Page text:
I think this needs to be updated.

It's really dirty to take advantage of other's gullibility for profit.

Brilliant message that more people need to hear. And the closing joke almost made me choke on my tea. Please do the Baelish accent every day of your life. Please.

"Tank God for me!"

Anyone else get a mental image of Jim as some kind of grotesquely-cool cyborg-human-tank deity combination with robot lobster hands, tank treads and laser beams coming out of his eyes?

This is why I gave up part way through pvz 2 and never bothered with warfare. This attitude is plastered all over EA and the mobile market. Sadly it's such old news now it's a 'thanks' or ignored response from many people. Not sure what to do at this point though?

For shame Mike Fahey, for shame.

Sometimes I wonder why so many argue against their own self interest.

I've only found micro transactions worthwhile when they add to the experience, rather then make the experience tolerable. I've always been wary of 'always online' requirements when they're not necessary and if I have the option to not use it, then I'll take it. If the option isn't there, then they'll lose a customer (unless the game's really, really good, in which case they'll get a grumpy customer who still doesn't like their shit, but can tolerate it enough for now (which to be honest is a problem in itself)).

Ok, before anything, I have to give Jim mad props for following up on last weeks episode and mentioning the response he got from Sony. Far too often gamers and video game commentators fall into the trap that the big companies can do no right. Only last week I was told I was a moron for even entertaining the idea that a big companies might have the moral high ground. Not just in that specific instance, but that it was even possible at all. This is not a healthy attitude. It is nice to see someone acknowledge when a company at least appears to be making a good faith effort and not immediately dismiss that out of hand as lies. If we never reward good behavior then companies will never improve and the few good things they do will eventually disappear.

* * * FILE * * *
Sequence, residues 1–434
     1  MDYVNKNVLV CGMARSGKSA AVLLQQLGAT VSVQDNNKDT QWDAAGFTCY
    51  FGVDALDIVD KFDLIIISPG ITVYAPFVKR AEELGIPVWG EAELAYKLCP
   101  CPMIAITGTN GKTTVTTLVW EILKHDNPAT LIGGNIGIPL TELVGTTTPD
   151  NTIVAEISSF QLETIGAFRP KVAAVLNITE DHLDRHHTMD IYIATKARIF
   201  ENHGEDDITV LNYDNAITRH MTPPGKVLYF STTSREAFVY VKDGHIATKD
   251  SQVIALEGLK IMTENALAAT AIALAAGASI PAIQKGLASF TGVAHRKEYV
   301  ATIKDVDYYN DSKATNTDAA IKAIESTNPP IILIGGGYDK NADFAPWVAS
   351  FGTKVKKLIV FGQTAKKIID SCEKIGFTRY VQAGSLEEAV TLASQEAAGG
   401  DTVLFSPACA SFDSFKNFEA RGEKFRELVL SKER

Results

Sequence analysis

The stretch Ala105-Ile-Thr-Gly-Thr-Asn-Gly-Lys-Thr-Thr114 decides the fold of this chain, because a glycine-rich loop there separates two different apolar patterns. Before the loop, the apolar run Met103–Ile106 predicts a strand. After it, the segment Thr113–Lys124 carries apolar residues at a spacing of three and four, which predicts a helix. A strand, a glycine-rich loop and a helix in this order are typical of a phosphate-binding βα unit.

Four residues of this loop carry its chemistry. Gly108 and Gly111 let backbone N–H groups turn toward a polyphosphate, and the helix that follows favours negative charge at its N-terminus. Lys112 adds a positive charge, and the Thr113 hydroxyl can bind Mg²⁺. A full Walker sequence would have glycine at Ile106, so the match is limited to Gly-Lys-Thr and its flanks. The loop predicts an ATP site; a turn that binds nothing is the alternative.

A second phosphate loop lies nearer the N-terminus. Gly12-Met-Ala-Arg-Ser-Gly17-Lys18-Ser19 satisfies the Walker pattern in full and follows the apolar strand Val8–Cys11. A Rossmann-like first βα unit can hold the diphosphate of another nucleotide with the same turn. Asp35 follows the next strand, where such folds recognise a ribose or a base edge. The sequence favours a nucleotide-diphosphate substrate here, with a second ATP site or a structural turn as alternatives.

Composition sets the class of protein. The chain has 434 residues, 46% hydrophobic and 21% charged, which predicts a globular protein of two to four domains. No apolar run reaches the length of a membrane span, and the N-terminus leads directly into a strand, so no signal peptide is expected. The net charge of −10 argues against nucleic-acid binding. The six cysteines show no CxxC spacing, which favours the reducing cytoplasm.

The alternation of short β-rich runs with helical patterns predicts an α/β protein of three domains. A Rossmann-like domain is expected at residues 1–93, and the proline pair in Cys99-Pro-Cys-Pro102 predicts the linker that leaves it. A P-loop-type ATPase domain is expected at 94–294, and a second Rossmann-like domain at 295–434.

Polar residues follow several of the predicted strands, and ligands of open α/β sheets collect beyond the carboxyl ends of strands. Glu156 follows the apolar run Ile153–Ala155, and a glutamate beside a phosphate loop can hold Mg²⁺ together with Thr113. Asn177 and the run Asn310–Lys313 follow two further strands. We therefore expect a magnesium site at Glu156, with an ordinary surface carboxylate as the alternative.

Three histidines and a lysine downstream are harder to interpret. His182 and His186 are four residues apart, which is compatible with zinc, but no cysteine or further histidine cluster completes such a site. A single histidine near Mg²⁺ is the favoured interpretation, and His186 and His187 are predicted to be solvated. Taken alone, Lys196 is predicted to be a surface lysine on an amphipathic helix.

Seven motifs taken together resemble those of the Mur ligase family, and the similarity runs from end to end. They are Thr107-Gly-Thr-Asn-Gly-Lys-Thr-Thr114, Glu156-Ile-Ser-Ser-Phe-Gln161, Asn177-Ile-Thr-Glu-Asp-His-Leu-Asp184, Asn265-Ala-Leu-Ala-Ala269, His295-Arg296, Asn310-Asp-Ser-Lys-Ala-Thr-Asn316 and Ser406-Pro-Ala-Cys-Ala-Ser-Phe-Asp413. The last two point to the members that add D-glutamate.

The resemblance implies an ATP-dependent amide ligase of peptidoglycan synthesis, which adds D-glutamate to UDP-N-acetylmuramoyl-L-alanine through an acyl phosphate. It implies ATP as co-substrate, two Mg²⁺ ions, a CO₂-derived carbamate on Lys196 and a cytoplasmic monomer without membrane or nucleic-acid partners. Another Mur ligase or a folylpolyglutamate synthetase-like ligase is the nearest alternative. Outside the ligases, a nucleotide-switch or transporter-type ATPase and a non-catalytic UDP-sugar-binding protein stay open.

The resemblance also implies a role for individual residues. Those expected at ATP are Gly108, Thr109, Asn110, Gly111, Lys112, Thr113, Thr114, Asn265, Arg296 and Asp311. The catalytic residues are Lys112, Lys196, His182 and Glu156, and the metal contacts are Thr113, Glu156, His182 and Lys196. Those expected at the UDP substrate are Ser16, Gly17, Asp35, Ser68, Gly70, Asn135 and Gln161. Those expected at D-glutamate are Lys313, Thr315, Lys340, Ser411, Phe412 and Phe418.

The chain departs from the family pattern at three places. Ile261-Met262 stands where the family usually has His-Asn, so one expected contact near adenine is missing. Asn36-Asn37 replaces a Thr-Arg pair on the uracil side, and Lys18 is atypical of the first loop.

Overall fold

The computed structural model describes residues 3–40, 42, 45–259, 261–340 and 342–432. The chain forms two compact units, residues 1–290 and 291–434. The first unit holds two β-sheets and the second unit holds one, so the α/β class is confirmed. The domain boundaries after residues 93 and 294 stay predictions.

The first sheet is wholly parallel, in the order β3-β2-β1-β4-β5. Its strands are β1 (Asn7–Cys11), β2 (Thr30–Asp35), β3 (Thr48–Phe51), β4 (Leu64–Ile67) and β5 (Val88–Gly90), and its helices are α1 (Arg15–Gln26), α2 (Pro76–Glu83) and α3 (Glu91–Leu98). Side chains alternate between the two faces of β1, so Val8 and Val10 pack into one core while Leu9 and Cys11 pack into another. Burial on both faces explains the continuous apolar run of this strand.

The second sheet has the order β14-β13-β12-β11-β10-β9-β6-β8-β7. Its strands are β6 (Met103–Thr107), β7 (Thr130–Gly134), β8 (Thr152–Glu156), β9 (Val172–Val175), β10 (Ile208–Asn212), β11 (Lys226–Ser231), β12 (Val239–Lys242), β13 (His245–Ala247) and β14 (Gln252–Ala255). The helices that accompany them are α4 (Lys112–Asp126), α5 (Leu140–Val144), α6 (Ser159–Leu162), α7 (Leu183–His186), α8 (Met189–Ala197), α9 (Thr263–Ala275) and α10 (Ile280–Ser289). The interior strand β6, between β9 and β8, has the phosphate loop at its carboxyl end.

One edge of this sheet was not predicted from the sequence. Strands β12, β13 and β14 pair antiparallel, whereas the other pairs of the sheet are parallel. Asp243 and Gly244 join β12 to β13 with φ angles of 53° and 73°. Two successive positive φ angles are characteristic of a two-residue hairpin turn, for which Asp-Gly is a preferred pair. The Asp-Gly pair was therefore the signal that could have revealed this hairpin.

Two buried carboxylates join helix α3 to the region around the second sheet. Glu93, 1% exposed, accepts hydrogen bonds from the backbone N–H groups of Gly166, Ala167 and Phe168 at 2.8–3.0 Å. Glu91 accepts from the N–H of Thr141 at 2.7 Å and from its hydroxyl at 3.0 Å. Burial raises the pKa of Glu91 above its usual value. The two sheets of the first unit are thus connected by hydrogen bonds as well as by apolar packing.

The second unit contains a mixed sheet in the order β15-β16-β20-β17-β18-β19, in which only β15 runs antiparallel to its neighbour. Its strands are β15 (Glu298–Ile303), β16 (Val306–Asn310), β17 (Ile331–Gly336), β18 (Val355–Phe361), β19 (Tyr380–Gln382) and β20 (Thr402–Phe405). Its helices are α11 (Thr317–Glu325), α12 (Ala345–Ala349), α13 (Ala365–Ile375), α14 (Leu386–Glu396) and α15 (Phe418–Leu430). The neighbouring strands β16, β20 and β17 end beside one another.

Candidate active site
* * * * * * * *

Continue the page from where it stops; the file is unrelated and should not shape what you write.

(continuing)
As far as the whole garden warfare thing... whoever wrote that article for kotaku needs to be fired. It is really depressing to see people celebrate the addition of micro transactions.

1.) For the love of god Jim, the shirt and the tie lock worse than ever. Buy a bigger shirt so you are able to close the collar and learn to tie a tie. Or get a cliptie.
2.) Most customers are stupid, thats it. They get what they deserve.
3.) The game looks like a regular FPS that went through germanys censorship for violent games.

A-fuckin'-MEN, Jim!!! I reallllllllly HATE when they do this and some numbskull starts drooling all over them for "fixing it". They made it so it could (and they knew it WOULD) break down often, but hey, this way they can milk you for money and sell you shit you don't really want to pay for. Looking at you with rage still, Diablo III auction house!!!

jdarksun:

Transdude1996:
Was the last part a reference to something? It sounds so familiar, yet it seems like I've never heard it before.

Game of Thrones specifically, but it's invoking the larger trope of "you can't trust someone who warns you not to trust anyone, because they'll turn on you."

Jim's saying all corporations and stuff are going to watch out for themselves, and he's not wrong. He also says you can trust him, because he's your friend... but that's being done tongue-in-cheek, because he (and The Escapist), of course, wants your views and page clicks.

The difference between Jim and the Garden Warfare stuff is that Jim is trying to attract your views and page clicks by consistently producing excellent, well reasoned, and impeccably argued concepts. EA is designing games that are a pain in the ass to play in order to trick you into spending money on them.

Ah...so the final bit was a subtle reference. Kudos, Jim!

It's just too bad we can't come down on developers for pulling this bullcrap. Hell, sometimes we can't even complain about it without them throwing a hissy fit and claiming copyright violation or some other crap so our comments are removed. *sigh* Apparently, the First Amendment doesn't exist if you are a gamer...

This is so true, so very true.
Yet, I've seen it happen countless times.... players being grateful to the developers for fixing game problems.

Heck, sometimes I even stumbled into topics saying "thank you for making this game!!". While I appreciate the enthusiasm, they do not deserve any thank you for making a good videogame. Because it's not like they gave it to you completely free as a gift.

I have very little I disagree with, although did get a bit confused on the topic of creating games with micro-transactions in mind.

I believe that if a title intends to microtrans, especially around core systems, that the game should be free. Delaying the release of that shop and asking for $30 up front is a bit intense. When designing games of a free nature, one must design in a number of ways has to take into consideration at what level a player can choose to pay. I'm usually a loud advocate for free to play games, though I haven't played Garden Warfare, but on these basic ideas alone I feel like they've dropped the ball.